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Abcd1 deficiency accelerates cuprizone-induced oligodendrocyte loss and axonopathy in a demyelinating mouse model of X-linked adrenoleukodystrophy

Abstract

X-linked adrenoleukodystrophy (X-ALD), the most frequent, inherited peroxisomal disease, is caused by mutations in the ABCD1 gene encoding a peroxisomal lipid transporter importing very long-chain fatty acids (VLCFAs) from the cytosol into peroxisomes for degradation via β-oxidation. ABCD1 deficiency results in accumulation of VLCFAs in tissues and body fluids of X-ALD patients with a wide range of phenotypic manifestations. The most severe variant, cerebral X-ALD (CALD) is characterized by progressive inflammation, loss of the myelin-producing oligodendrocytes and demyelination of the cerebral white matter. Whether the oligodendrocyte loss and demyelination in CALD are caused by a primary cell autonomous defect or injury to oligodendrocytes or by a secondary effect of the inflammatory reaction remains unresolved. To address the role of X-ALD oligodendrocytes in demyelinating pathophysiology, we combined the Abcd1 deficient X-ALD mouse model, in which VLCFAs accumulate without spontaneous demyelination, with the cuprizone model of toxic demyelination. In mice, the copper chelator cuprizone induces reproducible demyelination in the corpus callosum, followed by remyelination upon cuprizone removal. By immunohistochemical analyses of oligodendrocytes, myelin, axonal damage and microglia activation during de-and remyelination, we found that the mature oligodendrocytes of Abcd1 KO mice are more susceptible to cuprizone-induced cell death compared to WT mice in the early demyelinating phase. Furthermore, this effect was mirrored by a greater extent of acute axonal damage during demyelination in the KO mice. Abcd1 deficiency did not affect the function of microglia in either phase of the treatment. Also, the proliferation and differentiation of oligodendrocyte precursor cells and remyelination progressed at similar rates in both genotypes. Taken together, our findings point to an effect of Abcd1 deficiency on mature oligodendrocytes and the oligodendrocyte-axon unit, leading to increased vulnerability in the context of a demyelinating insult.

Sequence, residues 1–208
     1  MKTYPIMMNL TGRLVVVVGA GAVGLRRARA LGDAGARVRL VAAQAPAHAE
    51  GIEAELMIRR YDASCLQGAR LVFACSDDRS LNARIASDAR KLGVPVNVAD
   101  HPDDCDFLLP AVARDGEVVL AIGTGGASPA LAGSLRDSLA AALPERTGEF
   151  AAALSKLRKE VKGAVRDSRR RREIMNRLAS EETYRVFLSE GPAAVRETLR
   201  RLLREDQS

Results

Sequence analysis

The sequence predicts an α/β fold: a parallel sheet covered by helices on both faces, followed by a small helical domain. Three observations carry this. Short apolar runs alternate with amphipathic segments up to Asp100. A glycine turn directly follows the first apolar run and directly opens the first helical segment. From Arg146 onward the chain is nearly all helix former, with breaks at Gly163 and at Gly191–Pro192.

Introduction

X-linked adrenoleukodystrophy (X-ALD, OMIM #300100) is the most common hereditary peroxisomal disease with an estimated incidence of 1 in 14,700 individuals, including the hemizygous males and heterozygous females [1]. It is caused by mutations in the ABCD1 gene encoding the peroxisomal lipid transporter ABCD1 (ALD protein) [2, 3]. The lack of ABCD1 function impairs the transport of CoA-activated very long-chain fatty acids (VLCFAs, ≥ C22) into the peroxisomes for degradation via β-oxidation [4], resulting in the accumulation of VLCFAs in tissues and body fluids of X-ALD patients, most notably in severely affected tissues like the brain white matter and the adrenal cortex [5].

X-ALD exhibits a wide range of phenotypic variability with no genotype-to-phenotype correlation [6, 7]. Adrenomyeloneuropathy (AMN), the default, adult onset neurological manifestation affects males and heterozygous females and is characterized by axonopathy of the ascending and descending spinal cord tracts and dysmyelination in the absence of overt cerebral inflammatory demyelination [8]. The most severe X-ALD variant, cerebral ALD (CALD), is characterized by a rapidly progressive, confluent inflammatory demyelination in the brain usually starting in the corpus callosum and spreading bilaterally through both hemispheres [9]. CALD presents most frequently in childhood, but may also affect adolescent or adult males, before or after the onset of AMN. On a histopathological level, CALD lesions involve peripheral immune cell infiltration, microglia and astrocyte activation as well as oligodendrocyte, myelin and axonal loss [10].

The role of VLCFA accumulation in the pathogenesis of X-ALD remains largely unknown. No direct link has been observed between the plasma VLCFA levels in patients and their phenotypes [11]. AMN patients do not exhibit inflammatory demyelination despite having high VLCFA levels, suggesting that additional factors might play a role in the conversion to the inflammatory demyelinating phenotype. The success of hematopoietic stem cell transplantation in treating early stage CALD patients points to the important role of monocytes/macrophages in X-ALD pathology [12, 13]. In line with these findings, X-ALD monocytes are particularly affected by the accumulation of VLCFAs compared to other immune cell types [14]. At baseline, X-ALD monocytes are pro-inflammatory skewed and activated macrophages are less prone to switch to an anti-inflammatory phenotype, further perpetuating the inflammatory response [15].